As expected, the deficit and debt were both discussed in the first presidential debate on domestic policy. However, despite this year's endless American summer and a devastating drought that won't leave town, climate change wasn't. What would you bet that it won't be a significant topic in the final debate on foreign policy either? Only one conclusion seems reasonable: climate change has no place on this American planet.
So far, both presidential campaigns indicate as much. To a wave of laughter in the final moments of his acceptance speech at the Republican convention, Mitt Romney mocked the subject, linking it negatively to the president. ("President Obama promised to begin to slow the rise of the oceans and heal the planet. My promise... is to help you and your family.") Obama simply avoided the subject in his. And that pretty much sums up the situation to date.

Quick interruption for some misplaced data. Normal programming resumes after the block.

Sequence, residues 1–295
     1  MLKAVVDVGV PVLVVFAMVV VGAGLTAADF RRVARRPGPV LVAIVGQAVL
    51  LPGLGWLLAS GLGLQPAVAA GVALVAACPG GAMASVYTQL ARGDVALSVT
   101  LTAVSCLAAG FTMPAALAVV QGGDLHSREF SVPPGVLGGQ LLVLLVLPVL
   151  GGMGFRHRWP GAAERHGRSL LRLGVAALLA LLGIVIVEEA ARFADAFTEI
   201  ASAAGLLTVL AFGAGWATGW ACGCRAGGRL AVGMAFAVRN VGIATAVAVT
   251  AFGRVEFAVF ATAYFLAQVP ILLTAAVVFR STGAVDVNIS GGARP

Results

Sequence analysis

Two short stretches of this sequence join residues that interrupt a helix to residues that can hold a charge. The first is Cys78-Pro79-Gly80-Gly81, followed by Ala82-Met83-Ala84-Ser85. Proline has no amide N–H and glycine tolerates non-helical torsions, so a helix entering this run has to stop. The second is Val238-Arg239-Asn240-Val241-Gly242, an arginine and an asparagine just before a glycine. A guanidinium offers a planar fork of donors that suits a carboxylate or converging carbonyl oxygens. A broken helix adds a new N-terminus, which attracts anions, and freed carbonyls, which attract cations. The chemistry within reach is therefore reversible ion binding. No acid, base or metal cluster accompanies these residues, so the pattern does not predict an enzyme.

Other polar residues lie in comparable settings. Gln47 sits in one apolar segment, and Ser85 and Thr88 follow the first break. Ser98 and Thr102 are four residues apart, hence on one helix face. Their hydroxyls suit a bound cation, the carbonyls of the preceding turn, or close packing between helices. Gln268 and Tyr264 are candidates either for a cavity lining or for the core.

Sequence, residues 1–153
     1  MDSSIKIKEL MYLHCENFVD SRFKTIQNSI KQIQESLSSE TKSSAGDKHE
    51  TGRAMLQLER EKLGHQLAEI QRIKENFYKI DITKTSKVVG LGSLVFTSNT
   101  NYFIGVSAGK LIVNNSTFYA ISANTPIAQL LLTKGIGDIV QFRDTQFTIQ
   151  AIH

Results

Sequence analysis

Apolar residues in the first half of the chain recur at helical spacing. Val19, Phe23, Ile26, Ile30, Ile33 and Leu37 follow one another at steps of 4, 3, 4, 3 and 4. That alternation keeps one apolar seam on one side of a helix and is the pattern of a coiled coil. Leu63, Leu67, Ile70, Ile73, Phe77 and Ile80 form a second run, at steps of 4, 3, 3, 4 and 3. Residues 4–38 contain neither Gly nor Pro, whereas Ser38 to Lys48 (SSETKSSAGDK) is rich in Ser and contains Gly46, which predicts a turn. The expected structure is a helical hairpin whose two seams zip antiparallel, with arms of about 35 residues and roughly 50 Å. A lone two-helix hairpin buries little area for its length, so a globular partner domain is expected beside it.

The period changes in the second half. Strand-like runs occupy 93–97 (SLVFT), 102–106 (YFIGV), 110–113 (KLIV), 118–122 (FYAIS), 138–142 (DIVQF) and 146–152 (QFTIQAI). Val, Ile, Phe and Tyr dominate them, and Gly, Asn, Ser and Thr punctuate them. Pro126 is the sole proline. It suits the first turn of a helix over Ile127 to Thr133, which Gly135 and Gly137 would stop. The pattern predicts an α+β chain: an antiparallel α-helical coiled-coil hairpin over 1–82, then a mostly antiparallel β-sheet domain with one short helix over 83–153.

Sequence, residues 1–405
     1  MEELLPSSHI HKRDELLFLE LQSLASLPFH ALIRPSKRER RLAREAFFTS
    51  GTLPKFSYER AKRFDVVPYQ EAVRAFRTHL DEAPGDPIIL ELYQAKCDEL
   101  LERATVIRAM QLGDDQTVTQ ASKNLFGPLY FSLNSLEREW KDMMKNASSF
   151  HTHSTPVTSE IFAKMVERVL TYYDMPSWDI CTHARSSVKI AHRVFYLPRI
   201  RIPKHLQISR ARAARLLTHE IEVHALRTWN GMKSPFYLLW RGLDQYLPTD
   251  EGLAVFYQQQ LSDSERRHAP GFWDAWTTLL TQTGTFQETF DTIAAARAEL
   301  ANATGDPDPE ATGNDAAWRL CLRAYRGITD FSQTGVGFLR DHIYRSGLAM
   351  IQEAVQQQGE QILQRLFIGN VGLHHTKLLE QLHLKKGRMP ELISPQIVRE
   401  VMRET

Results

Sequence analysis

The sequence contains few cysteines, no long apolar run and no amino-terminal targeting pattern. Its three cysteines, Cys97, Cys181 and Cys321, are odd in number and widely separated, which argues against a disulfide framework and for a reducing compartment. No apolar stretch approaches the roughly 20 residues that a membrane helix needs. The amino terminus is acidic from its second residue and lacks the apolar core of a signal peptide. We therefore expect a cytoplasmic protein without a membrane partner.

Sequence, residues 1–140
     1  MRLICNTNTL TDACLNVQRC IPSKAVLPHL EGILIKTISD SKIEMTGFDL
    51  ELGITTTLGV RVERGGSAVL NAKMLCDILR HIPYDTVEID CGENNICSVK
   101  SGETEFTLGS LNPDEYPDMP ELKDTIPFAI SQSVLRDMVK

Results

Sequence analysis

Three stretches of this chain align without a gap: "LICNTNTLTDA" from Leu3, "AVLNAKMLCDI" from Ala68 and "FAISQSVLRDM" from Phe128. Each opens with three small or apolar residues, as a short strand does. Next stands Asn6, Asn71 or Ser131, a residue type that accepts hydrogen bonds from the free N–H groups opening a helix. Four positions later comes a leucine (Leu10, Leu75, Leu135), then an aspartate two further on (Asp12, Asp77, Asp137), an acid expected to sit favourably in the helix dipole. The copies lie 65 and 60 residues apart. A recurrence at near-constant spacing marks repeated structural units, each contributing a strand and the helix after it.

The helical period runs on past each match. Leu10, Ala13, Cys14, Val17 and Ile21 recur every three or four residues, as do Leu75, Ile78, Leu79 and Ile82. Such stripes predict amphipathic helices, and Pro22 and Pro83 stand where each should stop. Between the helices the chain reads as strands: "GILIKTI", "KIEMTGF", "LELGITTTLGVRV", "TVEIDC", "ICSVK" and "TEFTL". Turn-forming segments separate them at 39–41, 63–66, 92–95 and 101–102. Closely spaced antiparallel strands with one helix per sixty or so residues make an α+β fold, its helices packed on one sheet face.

Though opinion polls indicate that undecided voters want to hear the candidates' thoughts on climate change, I'm hardly the first person to note that the subject has gone MIA in the campaign season. Noam Chomsky, the Nation magazine, Salon's Andrew Leonard, and Joe Romm of Climate Progress, among others, have all commented strikingly on its disappearance. But here's the curious thing: if American debt and deficit happen to be your worry, then climate change should be your subject.